The Google Sandbox refers to an alleged filter that prevents new websites from ranking in Google’s top results. Think of it like a probation period—even if you do everything right, your site won’t get decent rankings until it comes to an end. The Google Sandbox has never been officially confirmed by Google. But many SEOs are confident in its existence, as they see sandbox-like effects when trying to rank new websites. So what’s the truth? Does the exist in 2018? If so, how do you prevent Google from “sandboxing” your site? To answer these questions, I reached out to a few SEO practitioners to learn what they think about in 2018, based on their experience with new websites.
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These guys: Back in 2004, webmasters and SEO professionals noticed that their newly launched websites were not ranking well on Google for the first few months, despite executive email list their SEO efforts. New websites were duly indexed by Google, but they did not rank even for relatively low-competition keywords and phrases. But they were ranking well on other search engines, such as Bing and Yahoo. This “sandbox” effect lasted from a few weeks to several months. Keeping in mind that Google wants to serve authoritative and high-quality content to its users and might not trust in brand new websites, that actually made sense. Rand Fishkin, for example, believed that SEOmoz had been sandboxed for 9 months, despite its perfectly natural strong backlink profile.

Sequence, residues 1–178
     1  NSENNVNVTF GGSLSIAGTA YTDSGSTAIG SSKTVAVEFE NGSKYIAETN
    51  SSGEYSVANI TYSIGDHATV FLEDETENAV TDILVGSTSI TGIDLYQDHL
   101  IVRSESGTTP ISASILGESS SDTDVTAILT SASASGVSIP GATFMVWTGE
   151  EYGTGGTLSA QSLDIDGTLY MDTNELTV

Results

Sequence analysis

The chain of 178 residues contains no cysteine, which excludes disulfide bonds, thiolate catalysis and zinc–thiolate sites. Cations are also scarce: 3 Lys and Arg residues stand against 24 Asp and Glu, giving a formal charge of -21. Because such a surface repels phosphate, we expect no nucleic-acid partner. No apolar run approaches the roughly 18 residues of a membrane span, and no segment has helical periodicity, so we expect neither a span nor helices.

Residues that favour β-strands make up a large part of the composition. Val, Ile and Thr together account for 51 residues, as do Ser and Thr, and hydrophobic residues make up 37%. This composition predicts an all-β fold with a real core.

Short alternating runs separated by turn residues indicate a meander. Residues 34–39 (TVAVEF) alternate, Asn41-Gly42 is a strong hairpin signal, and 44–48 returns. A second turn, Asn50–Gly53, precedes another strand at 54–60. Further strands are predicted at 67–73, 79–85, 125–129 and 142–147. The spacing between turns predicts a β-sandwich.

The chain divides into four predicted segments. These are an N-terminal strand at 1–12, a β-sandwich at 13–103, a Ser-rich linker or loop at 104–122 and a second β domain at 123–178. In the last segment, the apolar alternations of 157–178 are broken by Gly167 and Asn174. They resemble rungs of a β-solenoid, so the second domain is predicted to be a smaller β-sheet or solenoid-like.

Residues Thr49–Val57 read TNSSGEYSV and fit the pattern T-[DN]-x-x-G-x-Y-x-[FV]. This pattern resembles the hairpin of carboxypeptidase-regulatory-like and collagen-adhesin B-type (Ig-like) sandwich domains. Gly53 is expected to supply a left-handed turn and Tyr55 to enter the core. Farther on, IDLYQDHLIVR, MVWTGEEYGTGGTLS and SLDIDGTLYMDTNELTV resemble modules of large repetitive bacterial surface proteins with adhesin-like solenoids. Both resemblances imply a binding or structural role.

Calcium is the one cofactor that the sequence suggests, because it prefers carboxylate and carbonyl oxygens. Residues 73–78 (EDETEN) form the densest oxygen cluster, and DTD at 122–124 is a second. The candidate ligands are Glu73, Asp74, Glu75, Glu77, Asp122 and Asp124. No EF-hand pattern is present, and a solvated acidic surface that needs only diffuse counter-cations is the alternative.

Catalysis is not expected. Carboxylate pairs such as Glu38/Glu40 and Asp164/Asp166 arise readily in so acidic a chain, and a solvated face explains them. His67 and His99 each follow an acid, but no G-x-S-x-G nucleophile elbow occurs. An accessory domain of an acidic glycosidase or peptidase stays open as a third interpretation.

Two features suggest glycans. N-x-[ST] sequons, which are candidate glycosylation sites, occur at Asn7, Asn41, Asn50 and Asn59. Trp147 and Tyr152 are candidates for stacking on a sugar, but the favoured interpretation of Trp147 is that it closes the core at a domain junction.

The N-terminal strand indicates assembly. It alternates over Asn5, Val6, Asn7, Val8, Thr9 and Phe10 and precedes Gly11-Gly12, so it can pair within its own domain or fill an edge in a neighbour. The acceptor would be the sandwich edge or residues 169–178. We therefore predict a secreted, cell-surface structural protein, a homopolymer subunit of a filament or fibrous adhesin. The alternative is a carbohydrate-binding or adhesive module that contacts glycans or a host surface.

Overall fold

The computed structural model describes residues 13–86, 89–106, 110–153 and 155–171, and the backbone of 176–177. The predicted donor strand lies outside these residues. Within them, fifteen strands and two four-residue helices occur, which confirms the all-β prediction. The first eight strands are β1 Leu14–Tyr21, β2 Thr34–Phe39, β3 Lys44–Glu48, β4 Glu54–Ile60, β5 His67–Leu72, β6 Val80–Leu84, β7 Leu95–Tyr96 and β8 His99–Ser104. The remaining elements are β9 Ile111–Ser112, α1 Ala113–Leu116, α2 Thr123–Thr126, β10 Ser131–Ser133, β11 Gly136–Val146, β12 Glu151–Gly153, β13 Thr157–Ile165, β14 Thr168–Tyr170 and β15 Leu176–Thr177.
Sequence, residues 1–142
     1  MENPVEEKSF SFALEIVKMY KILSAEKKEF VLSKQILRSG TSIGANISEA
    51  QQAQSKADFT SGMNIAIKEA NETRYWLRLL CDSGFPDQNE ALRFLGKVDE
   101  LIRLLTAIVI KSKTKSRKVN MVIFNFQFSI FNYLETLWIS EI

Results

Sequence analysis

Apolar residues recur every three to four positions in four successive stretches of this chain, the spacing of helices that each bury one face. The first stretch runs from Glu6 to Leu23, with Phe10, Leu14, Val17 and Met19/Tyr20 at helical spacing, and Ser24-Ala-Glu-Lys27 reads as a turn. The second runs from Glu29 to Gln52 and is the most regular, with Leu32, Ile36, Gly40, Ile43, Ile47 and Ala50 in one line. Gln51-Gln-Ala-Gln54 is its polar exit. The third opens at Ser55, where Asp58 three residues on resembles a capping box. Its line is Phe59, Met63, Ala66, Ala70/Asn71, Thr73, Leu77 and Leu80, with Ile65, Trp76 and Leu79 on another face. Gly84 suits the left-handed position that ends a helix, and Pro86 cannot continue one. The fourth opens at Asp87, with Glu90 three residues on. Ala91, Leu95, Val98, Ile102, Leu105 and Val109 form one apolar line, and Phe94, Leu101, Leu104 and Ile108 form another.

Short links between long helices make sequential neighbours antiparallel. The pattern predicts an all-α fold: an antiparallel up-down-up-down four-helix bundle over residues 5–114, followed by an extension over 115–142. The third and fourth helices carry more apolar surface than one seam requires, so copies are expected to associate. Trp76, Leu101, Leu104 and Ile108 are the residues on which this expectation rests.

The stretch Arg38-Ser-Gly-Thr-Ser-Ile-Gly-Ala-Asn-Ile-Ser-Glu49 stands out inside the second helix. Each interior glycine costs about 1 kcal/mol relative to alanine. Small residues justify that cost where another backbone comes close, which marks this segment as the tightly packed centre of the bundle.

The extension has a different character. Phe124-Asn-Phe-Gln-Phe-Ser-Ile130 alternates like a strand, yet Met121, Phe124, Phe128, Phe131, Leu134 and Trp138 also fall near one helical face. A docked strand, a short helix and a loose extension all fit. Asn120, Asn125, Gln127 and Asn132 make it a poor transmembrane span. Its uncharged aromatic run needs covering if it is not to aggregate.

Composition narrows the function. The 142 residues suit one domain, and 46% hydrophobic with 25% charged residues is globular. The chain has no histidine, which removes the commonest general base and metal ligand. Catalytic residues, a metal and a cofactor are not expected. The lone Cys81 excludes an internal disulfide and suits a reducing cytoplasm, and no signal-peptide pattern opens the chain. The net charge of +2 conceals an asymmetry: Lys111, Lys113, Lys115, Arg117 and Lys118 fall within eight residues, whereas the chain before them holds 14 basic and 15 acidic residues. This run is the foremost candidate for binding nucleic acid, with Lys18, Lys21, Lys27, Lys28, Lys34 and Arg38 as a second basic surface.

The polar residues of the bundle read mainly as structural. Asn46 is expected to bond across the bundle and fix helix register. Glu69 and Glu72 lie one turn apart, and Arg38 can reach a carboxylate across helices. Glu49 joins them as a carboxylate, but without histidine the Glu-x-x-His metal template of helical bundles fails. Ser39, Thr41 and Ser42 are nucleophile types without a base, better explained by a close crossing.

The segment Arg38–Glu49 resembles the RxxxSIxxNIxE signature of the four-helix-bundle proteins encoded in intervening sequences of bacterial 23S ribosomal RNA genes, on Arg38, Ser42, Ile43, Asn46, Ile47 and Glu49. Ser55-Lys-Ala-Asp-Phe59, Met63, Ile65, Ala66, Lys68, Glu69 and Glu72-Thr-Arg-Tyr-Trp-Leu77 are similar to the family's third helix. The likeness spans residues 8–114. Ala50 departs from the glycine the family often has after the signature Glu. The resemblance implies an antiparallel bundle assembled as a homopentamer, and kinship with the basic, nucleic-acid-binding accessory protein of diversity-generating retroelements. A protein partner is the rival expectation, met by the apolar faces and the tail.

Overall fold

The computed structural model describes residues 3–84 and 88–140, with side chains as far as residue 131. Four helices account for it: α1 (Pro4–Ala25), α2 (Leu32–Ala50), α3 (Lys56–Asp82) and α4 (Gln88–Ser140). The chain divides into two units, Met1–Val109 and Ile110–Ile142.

Holding back brand
New websites from ranking could give Google more time to evaluate the website quality and fight spam. A week-old website suddenly breaking into the SERPs for a DM Databases competitive keyword, beating the pages that have been ranking there for years is suspicious, right? Besides, we all know that backlinks are one of the most important ranking factors. And it is highly unlikely that pages on a new website will accrue strong backlink profiles within a few weeks. In addition, many SEOs strongly believe that Google considers user behaviour in their ranking algorithms via click-through rates, dwell time, and other metrics, which they can potentially collect and analyze.